A hard hitting and sweeping MacTaggart lecture from Channel 4’s head of news and current affairs Dorothy Byrne provided the anchor point for this year’s Edinburgh TV Festival.
Byrne took aim “sexist bastards” in the TV, lamented an industry-wide lack of progress in diversity, hit out at politicians for failing to hold themselves up to scrutiny in TV interviews, and spoke of the he urgent need for broadcasters to make “clever and difficult” programmes to attract elusive younger viewers.
Byrne, who admitted she was not the festival’s first choice as a MacTaggart speaker, proved to be an inspired late stand-in. Her speech earned a lengthy standing ovation, and was a talking point for many delegates long after it ended – not least because she said that one of her MacTaggart predecessors “has not yet had the comeuppance he deserves for his assaults on women”, leaving many to speculate on his identity.
As Brexit and the autumn party conference season approaches, her attacks on politicians for eschewing TV interviews were also pertinent, with Byrne saying that the decline has become “critical for our democracy.”
Prime Minister Boris Johnson hasn’t held one major press conference or given a major television interview since he came to power in July, said Byrne. She added that the leader of the opposition Labour Party in the UK, Jeremy Corbyn, similarly fails to give significant interviews on terrestrial TV.
Elsewhere, many of the sessions addressed the rise of the SVODs and how best traditional broadcasters should react.
Many broadcast bosses said they were doubling down on British content that has a strong sense of place and specificity.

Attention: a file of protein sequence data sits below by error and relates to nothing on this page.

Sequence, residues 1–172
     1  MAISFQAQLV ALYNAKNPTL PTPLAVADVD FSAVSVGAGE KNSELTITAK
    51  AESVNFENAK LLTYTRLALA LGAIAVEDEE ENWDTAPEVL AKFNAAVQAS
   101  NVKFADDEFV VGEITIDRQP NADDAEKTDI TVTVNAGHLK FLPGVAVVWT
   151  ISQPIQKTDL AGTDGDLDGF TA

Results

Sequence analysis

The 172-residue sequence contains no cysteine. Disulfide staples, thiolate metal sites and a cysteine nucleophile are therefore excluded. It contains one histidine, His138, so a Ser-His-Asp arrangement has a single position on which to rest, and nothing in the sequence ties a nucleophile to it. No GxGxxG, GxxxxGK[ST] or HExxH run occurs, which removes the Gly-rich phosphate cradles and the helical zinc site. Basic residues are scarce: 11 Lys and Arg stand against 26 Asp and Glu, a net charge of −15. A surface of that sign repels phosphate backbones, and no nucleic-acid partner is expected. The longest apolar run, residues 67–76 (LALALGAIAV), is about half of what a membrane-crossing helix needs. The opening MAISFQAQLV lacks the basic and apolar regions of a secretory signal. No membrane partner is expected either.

Channel 4’s director of programmes Ian Katz, for example, said the broadcaster is looking all over the UK “for stories that are profoundly locally resonant but that have a universality that grips us all”, citing its hit comedy “Derry Girls” from Northern Ireland and playing up C4’s decision to open a national HQ outside of London, in Leeds.
He also said the broadcaster had learned a good lesson from the failure last year of its big budget Hulu co-production “The First”, about a mission to Mars starring Sean Penn, to resonate with UK audiences, describing it as “unrelatable” to a British audience.
“It was possibly born of a moment where lots of British broadcasters were thinking that the way we can compete in this very challenging drama market is to co-produce with big American broadcasters and streamers. That was probably an example of a show where that desire to produce something really glossy got in way of thinking about what really connected with a British audience.”
Sky’s director of content Zai Bennett, meanwhile, said that “specificity” is really important. “By being really specific, you can make a show that is incredibly local and successful for the UK but that will also travel.”
Speaking at Edinburgh, BBC director of content Charlotte Moore said the BBC was committed to telling British stories and commissioning for British audiences, and also supporting new talent, as part of its way to stand out at time of growing competition from streaming companies.
Moore also flagged the importance of Ofcom’s recent decision to allow the BBC to air shows on its catch-up service, BBC iPlayer, for 12 months after first broadcast, saying the previous 30-day window “wasn’t fit for purpose.”
Indeed, the iPlayer itself became a key focus of debate at Edinburgh. Moore insisted that iPlayer having shows on the iPlayer for longer boosted their commercial value for independent production companies by giving them “time in the sun to get noticed.”
But Pact argued that shows will lose their value by being tied in exclusively to iPlayer for a long period of time.
Chair Sara Geater told an Edinburgh session that negotiations over renumeration for longer iPlayer rights are “not going terribly well”.
“iPlayer is brilliant, and I think every independent acknowledges that but the big issue here is money.”
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